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01 Dec 2023

Canadian jobs growth tops expectations, but details point to slowdown ahead

The Canadian job creation engine topped forecasts in November, firming expectations for another hold at the Bank of Canada’s meeting next week. 25,000 new positions were added in the month, with population growth and still-high participation rates pushing the unemployment rate to 5.8 percent, up from 5.7 percent in October. Consensus estimates had pointed to a 15,000 new hires, with unemployment rising to 5.8 percent. The finance, insurance, and real estate sectors – the most interest-rate sensitive areas of the Canadian economy – suffered the bulk of the losses, shedding 18,000 jobs in the month, and contributing the most to...

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The peso’s bull run has run out of steam.

After a world-beating drive higher, the Mexican peso lost momentum late in the third quarter and has largely failed to regain it, staging a relatively modest rebound against a retreating dollar. Several factors are in play: A drastic increase in government spending plans – coming ahead of the presidential election in June 2024 – spooked investors. The foreign exchange commission’s decision to unwind its non-deliverable hedging programme put pressure on spot rates. And the Banxico began making dovish noises, suggesting that it might begin cutting rates by March. Change in spot exchange rates, DXY and MXNUSD We think markets overreacted...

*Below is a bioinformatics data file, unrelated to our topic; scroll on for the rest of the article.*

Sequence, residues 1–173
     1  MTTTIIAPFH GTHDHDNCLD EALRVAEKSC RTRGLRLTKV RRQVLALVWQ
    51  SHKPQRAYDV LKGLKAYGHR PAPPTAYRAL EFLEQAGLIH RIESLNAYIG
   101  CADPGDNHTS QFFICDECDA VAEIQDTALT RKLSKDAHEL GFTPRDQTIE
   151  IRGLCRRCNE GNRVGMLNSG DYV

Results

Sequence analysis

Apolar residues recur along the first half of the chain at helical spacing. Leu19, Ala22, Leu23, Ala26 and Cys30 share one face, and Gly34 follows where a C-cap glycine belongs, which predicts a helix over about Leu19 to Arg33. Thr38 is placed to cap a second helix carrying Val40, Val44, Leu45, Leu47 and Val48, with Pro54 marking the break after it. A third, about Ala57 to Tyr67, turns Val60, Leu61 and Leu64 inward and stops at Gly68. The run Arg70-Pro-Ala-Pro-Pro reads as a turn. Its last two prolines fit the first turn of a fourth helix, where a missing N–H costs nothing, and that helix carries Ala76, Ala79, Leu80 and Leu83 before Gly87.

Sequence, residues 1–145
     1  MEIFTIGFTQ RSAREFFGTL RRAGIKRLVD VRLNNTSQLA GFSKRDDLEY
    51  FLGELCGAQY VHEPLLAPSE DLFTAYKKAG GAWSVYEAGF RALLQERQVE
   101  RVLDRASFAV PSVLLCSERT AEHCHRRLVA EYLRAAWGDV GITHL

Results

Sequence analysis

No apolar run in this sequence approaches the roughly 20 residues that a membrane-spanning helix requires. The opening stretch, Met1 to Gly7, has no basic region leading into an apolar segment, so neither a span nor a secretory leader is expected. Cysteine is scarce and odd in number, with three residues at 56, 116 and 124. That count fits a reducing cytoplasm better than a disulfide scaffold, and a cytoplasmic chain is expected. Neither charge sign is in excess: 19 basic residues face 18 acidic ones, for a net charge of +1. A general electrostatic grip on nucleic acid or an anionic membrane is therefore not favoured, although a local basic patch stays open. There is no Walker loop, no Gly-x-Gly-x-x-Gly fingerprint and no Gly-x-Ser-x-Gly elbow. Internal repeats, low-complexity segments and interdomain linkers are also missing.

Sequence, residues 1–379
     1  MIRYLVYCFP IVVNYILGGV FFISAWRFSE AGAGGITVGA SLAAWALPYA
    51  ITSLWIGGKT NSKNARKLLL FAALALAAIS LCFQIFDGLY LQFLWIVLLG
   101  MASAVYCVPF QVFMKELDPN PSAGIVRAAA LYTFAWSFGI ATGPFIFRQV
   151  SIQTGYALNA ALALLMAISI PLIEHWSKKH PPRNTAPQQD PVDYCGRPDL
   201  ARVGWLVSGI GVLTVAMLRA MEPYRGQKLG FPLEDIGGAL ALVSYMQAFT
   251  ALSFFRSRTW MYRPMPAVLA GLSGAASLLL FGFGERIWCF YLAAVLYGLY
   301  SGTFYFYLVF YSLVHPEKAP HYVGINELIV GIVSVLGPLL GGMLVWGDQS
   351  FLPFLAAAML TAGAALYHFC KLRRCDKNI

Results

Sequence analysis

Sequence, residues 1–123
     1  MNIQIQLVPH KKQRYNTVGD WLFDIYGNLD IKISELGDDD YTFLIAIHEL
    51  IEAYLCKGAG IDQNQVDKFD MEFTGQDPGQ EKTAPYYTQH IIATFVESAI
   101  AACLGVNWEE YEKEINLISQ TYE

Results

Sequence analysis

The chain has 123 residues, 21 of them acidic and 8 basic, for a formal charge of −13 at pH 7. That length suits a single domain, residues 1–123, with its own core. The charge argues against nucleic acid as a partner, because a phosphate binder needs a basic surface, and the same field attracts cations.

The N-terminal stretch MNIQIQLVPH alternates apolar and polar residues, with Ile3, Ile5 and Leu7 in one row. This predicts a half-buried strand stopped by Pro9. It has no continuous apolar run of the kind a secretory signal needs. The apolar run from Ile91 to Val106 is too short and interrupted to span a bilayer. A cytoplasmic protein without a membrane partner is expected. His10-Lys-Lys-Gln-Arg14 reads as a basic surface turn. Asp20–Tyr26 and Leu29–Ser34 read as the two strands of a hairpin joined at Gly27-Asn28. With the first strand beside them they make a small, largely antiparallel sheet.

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The fiscal outlook still looks favourable.

Under President Andres Manuel Lopez Obrador’s recently unveiled budget plan, Mexico will run its largest deficit since 1988 next year – amounting to roughly -4.9 percent of gross domestic product, up from this year’s -3.3 percent. With global interest rates holding near post-2000 highs, higher borrowing costs could threaten credit ratings and limit the next government’s room for maneuver.  But Mexico’s fiscal position remains more positive than many of its peers. After years of relative austerity under Obrador’s pseudo-populist leadership, the government debt-to-gross domestic product ratio compares favourably with most of the country’s less-developed counterparts and is well below those...

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Canada’s economy is slowing.

With higher borrowing costs and slowing credit growth inflicting serious pain on Canada’s spectacularly indebted private sector, the economy appears poised for a hard landing. The direction of travel for residential investment is clearly down: after an early-2023 dead-cat bounce, prices and activity levels are subsiding across the country, and developers are moving to the sidelines. Energy prices are well off peak levels, and business confidence has fallen to post-pandemic lows. Per capita household consumption is falling as higher debt carrying costs eat into overall spending levels. Perhaps most critically, the labour market is weakening, with vacancies down about a...

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Nearshoring hopes look overdone.

With geopolitical tensions between the US and China forcing businesses to diversify supply chains, the country’s stability, low labour costs, and geographic proximity have raised hopes that a “Made in Mexico” moment is at hand. Indeed, the country has displaced China as the United States’ largest trading partner. Share of US imports, 12-month moving average, % But under López Obrador, energy policy has become less flexible and even less climate-friendly, limiting the extent to which companies with net-zero commitments can relocate production facilities. Critical regulatory bodies remain captive to political whims. And the country devotes an incredibly low share of...

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